Facebook started legal action against two Asia-based developers for allegedly installing malware on users’ smartphones through Android apps to generate fake impressions on adverts.
Bloomberg reported the social media giant filed a complaint against Singapore-based JediMobi Tech and LionMobi (Hong Kong), which are accused of engaging in a practice known as “click injection fraud”.
The companies allegedly installed malware on Google Play apps they made, which infected smartphones and generated fake clicks.
In total, Facebook alleged 40 million ad impressions and 1.7 million clicks were made over three months at the end of 2018, to artificially inflate ad revenue which the two companies then collected.
Facebook said it found the violation in December 2018, disabled the apps and banned the developers. It has also reimbursed advertisers who paid for the fake clicks.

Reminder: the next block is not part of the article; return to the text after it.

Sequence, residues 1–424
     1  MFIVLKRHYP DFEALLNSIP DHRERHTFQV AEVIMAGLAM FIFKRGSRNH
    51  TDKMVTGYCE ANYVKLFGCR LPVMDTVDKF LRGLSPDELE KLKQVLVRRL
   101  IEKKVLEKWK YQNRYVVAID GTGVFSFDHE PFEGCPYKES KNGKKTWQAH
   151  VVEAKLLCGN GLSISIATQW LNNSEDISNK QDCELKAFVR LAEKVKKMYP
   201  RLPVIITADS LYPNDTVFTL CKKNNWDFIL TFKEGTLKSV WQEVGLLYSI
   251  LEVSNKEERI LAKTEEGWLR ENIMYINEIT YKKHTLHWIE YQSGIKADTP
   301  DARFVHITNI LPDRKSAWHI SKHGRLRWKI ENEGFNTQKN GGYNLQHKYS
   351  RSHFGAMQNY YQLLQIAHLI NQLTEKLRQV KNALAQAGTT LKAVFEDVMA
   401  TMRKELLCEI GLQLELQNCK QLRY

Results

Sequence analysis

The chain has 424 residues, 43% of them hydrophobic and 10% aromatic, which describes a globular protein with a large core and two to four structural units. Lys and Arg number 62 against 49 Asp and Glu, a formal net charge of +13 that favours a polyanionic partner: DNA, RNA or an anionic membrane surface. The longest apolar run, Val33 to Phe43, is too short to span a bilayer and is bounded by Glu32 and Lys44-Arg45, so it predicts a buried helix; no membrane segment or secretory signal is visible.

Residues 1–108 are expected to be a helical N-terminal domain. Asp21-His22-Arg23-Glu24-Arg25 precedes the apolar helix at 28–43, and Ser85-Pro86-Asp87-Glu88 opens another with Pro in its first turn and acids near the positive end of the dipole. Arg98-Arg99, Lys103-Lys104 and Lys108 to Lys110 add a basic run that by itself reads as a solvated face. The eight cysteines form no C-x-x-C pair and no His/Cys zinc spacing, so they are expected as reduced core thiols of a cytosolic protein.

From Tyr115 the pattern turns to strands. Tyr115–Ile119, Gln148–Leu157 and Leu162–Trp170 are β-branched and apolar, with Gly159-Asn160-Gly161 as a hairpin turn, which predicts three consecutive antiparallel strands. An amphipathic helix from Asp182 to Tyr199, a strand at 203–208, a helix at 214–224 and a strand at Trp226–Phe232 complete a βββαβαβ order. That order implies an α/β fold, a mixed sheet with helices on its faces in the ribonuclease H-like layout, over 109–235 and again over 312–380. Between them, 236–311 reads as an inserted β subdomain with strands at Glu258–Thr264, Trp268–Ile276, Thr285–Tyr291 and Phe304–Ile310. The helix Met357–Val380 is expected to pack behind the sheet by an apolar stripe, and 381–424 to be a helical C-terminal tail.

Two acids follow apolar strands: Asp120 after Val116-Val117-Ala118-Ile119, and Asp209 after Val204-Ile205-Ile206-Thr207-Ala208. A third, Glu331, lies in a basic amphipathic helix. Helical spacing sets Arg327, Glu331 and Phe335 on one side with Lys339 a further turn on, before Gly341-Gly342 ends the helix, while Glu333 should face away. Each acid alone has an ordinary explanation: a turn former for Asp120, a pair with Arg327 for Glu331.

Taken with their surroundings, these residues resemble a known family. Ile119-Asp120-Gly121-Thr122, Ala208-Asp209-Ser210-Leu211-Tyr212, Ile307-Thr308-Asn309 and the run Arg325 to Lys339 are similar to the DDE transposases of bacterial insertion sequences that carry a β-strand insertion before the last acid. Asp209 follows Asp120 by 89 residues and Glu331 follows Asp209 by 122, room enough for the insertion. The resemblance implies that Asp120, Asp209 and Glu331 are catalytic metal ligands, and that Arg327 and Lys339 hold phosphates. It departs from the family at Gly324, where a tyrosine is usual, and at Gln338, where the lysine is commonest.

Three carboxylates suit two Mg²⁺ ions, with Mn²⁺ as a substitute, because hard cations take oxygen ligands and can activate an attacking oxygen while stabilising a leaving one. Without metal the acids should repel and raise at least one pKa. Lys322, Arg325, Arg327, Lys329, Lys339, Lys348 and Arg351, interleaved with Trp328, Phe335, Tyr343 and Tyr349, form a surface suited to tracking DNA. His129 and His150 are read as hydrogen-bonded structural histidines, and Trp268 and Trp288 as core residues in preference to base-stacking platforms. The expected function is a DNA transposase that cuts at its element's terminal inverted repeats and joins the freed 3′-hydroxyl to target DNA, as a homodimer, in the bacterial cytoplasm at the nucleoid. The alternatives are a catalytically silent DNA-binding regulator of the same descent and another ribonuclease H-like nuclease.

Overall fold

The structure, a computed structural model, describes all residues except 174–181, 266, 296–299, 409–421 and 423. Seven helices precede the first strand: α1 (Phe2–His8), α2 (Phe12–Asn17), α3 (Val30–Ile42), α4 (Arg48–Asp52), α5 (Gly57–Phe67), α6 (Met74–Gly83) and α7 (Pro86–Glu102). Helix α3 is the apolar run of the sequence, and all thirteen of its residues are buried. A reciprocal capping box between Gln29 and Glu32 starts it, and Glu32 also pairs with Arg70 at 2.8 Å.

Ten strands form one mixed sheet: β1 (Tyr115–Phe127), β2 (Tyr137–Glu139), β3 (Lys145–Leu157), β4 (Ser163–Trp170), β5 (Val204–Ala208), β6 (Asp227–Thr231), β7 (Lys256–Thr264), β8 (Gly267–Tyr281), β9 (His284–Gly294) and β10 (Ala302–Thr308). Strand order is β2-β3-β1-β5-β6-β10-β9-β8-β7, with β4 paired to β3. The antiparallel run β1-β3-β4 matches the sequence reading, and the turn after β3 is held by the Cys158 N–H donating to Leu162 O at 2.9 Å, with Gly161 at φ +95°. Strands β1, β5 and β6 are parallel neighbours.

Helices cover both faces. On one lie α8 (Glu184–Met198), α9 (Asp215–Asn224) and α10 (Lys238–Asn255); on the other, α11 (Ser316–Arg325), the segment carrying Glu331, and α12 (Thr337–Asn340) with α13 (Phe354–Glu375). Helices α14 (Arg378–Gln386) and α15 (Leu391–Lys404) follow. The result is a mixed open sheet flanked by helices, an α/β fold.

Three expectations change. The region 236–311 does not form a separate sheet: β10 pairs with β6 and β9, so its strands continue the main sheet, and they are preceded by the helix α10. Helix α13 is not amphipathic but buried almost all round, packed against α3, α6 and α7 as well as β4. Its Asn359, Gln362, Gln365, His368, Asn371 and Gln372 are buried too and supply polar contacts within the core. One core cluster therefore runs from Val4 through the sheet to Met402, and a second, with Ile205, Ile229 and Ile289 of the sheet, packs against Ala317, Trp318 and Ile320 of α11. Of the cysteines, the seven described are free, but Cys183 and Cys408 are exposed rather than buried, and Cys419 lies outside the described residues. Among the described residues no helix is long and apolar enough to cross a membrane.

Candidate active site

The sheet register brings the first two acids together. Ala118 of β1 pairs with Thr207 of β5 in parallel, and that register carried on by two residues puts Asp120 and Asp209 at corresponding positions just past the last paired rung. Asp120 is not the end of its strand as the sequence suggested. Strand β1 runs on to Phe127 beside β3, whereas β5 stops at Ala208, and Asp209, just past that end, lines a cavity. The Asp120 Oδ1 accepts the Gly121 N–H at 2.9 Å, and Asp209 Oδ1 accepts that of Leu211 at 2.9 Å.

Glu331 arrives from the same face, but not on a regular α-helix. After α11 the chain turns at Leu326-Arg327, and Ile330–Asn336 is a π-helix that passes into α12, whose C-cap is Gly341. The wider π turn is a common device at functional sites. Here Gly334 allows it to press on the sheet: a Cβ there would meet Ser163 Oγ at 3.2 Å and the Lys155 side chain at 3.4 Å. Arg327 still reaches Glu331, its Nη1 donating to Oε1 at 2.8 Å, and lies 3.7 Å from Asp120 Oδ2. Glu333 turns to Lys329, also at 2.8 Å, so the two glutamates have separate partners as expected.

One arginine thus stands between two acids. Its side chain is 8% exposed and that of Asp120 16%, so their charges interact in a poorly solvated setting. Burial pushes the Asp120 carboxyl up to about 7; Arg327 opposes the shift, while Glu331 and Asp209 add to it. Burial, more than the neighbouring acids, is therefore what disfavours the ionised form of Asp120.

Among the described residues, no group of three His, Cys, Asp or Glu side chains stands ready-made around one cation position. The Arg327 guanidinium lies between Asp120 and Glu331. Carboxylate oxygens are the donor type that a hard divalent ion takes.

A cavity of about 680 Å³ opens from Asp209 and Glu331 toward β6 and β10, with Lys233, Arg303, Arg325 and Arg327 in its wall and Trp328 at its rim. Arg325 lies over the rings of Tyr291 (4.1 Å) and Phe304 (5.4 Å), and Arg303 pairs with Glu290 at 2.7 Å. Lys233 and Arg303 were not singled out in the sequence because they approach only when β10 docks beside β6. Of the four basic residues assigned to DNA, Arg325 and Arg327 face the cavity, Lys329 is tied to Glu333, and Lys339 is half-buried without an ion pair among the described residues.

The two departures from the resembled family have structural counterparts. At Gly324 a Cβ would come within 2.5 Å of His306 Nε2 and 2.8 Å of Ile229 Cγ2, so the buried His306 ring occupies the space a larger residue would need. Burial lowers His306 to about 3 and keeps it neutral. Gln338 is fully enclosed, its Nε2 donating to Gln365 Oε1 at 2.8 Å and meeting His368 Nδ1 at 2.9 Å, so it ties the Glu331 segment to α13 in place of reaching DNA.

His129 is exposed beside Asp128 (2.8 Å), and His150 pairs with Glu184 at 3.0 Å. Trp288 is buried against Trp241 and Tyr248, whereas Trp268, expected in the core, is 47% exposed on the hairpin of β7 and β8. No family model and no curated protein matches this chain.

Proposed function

“At times, the malware was delivered in the form of updates to the apps and, after October 2018, the malware was included directly in the apps,” Facebook said in the complaint.
It is currently unknown what damages the company is seeking.
Facebook’s lawsuit comes as the company faces up to increasing pressure from governments over the protection of user data and its duty to remove harmful content from its platforms.
Bloomberg said the company is also suing companies in China and New Zealand, accusing them of inflating likes and followers on Instagram accounts.
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